Kernel Interpolation for Scalable Structured Gaussian Processes

Posted: 2015-07-20 in paper of the day, research
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Andrew Gordon Wilson and Hannes Nickisch:
Kernel Interpolation for Scalable Structured Gaussian Processes
ICML 2015

This paper was clearly one of my highlights at ICML and falls into the category of large-scale kernel machines, one of the trends at ICML. Wilson and Nickisch combine the advantages of inducing point and structure-exploiting (e.g., Kronecker/Toeplitz) approaches.

The key idea behind structured kernel interpolation is to (a) describe current inducing points approaches as a global kernel interpolation, (b) use local interpolation strategies to approximate the cross-covariance between inducing and “real” training points, which allows them to get rid of the requirement of placing inducing points on a grid. This allows us to say something about how the quality of an inducing point approach depends on the number of inducing (=interpolation) points, interpolation strategy, and the GP kernel.

Let us have a look at how the kernel-interpolation approach is derived: In sparse GPs (based on inducing inputs methods), we often compute expressions like

K_{XX}\approx K_{XU}K_{UU}^{-1}K_{UX}

To approximate the kernel matrix. The cross-covariance K_{XU} still depends on the number of data points, i.e., computing this quantity is expensive.

Wilson and Nickisch propose an interpolation-based approach to approximate K_{XX}. As an illustration, let’s assume that a data point x_i lies “between” inducing inputs u_a, u_b. This motivates a possible approximation of the cross-covariance by a convex combination k(x_i, u_j) \approx w_i k(u_j, u_a) + (1-w_i) k(u_j, u_b), which no longer requires x_i explicitly. This leads to the central approximation in this paper:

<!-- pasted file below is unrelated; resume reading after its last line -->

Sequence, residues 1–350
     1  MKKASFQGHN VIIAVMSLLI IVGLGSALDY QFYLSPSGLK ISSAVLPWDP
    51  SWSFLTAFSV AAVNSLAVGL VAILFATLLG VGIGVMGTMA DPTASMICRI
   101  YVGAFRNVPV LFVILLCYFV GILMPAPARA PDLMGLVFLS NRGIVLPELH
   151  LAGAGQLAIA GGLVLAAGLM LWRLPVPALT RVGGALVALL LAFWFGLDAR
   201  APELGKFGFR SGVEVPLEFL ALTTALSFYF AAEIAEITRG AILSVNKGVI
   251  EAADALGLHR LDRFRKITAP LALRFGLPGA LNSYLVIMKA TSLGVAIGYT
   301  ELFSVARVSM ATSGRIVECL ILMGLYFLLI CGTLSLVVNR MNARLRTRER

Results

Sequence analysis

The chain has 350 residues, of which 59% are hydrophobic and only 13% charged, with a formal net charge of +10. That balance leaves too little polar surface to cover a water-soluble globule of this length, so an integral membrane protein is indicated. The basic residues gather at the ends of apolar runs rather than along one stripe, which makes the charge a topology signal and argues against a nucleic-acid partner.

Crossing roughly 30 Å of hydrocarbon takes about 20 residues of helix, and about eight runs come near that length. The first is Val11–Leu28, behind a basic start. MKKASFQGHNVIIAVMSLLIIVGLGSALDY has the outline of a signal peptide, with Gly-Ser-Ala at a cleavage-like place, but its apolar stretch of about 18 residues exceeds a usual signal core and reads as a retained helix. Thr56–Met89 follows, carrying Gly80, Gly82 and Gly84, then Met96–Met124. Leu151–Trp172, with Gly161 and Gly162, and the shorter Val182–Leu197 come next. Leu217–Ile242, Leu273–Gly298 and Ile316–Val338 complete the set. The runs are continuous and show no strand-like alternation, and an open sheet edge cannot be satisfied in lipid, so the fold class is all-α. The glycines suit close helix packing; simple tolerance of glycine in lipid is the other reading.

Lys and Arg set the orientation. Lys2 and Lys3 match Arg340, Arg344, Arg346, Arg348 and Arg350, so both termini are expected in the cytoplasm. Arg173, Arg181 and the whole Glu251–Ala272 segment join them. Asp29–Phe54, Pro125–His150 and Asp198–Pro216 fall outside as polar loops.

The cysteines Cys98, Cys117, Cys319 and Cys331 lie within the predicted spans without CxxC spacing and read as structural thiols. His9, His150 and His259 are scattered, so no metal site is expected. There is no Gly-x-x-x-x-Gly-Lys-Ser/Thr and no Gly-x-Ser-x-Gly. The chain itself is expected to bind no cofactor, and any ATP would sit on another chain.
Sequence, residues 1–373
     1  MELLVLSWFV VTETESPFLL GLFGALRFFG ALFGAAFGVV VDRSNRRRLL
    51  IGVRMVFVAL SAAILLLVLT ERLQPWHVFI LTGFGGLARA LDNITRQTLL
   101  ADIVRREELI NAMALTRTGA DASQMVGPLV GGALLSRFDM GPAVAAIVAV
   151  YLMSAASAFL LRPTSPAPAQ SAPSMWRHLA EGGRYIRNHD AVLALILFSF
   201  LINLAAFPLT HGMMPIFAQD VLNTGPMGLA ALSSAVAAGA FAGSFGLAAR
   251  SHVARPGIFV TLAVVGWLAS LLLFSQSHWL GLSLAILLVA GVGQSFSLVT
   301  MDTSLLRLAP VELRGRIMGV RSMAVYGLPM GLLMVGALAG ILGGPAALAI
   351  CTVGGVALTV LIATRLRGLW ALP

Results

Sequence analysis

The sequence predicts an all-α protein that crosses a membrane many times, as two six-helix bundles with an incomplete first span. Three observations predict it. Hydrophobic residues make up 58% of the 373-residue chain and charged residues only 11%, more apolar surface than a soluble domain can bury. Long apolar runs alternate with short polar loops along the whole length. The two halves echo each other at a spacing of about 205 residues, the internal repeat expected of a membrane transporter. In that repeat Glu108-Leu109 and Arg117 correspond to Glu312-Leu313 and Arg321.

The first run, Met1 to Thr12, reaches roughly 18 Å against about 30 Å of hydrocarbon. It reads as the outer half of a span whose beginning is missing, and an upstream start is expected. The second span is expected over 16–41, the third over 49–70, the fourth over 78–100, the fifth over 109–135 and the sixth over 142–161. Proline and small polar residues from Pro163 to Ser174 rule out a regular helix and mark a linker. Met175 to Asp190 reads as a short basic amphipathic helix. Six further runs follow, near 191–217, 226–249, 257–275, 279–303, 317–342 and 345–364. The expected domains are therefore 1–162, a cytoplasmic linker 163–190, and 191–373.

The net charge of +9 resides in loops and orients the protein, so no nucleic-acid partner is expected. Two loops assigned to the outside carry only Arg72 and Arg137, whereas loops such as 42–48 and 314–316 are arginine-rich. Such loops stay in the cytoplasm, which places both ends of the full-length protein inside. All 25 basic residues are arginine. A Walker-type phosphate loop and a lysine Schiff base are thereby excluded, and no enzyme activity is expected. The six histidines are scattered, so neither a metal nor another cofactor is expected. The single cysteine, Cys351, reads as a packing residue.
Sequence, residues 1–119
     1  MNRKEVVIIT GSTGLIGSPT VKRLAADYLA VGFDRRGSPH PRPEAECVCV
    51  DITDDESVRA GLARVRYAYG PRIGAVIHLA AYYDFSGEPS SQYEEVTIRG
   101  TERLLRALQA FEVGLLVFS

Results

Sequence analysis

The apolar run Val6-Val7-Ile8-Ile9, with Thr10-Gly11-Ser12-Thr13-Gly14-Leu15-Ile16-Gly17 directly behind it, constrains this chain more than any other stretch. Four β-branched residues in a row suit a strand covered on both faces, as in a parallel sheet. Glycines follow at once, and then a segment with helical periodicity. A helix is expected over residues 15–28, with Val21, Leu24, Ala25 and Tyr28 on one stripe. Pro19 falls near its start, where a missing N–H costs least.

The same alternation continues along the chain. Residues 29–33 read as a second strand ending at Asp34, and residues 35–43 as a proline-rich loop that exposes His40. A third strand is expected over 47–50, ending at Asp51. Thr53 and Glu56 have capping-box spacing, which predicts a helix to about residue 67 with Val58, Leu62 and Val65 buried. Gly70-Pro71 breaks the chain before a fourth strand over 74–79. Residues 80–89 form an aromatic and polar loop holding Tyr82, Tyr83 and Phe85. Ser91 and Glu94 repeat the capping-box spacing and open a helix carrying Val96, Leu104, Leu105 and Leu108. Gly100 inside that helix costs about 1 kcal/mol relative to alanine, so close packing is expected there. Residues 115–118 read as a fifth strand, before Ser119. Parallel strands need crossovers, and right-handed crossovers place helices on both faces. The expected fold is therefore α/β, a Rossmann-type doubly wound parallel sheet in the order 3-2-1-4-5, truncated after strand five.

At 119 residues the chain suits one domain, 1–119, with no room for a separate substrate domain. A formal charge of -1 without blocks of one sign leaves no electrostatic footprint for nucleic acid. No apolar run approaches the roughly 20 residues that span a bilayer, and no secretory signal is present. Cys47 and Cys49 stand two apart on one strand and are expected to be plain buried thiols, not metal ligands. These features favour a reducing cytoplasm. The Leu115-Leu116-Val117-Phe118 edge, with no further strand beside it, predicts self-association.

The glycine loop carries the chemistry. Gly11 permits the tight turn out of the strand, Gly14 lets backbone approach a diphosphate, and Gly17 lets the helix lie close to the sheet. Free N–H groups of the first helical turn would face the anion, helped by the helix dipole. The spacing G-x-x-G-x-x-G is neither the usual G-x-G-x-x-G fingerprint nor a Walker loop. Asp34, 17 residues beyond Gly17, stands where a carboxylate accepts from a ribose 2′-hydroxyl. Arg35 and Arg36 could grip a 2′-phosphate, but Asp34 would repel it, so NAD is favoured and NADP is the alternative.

K_{XU} \approx W K_{UU},

where W is a matrix of interpolation weights that are determined based on the distances between the training points x_i and the inducing inputs u_j. Note that this matrix can be very sparse. With this approach we arrive at the alternative approximation of the kernel matrix:

K_{XX} \approx W K_{UU} W^T.

This approximation can be combined with structure-exploiting approaches (e.g., Toeplitz, Kronecker).

Even without structure-exploitation, the computational complexity is O(n + m^2), an improvement over the typical O(nm^2) of sparse GP methods based on inducing points.

The kernel interpolation approach is an interesting approach to sparse GPs. It seems that currently we still depend on some sort of “distance”, which allows us to compute the weight matrix W, i.e., this approach might not directly work with the full breadth of kernels that are available. However, it might be possible to learn an inducing input representation that addresses this problem; and potentially the inducing inputs may lie in a significantly lower-dimensional space than the original inputs. Let’s see what follow-ups will come.


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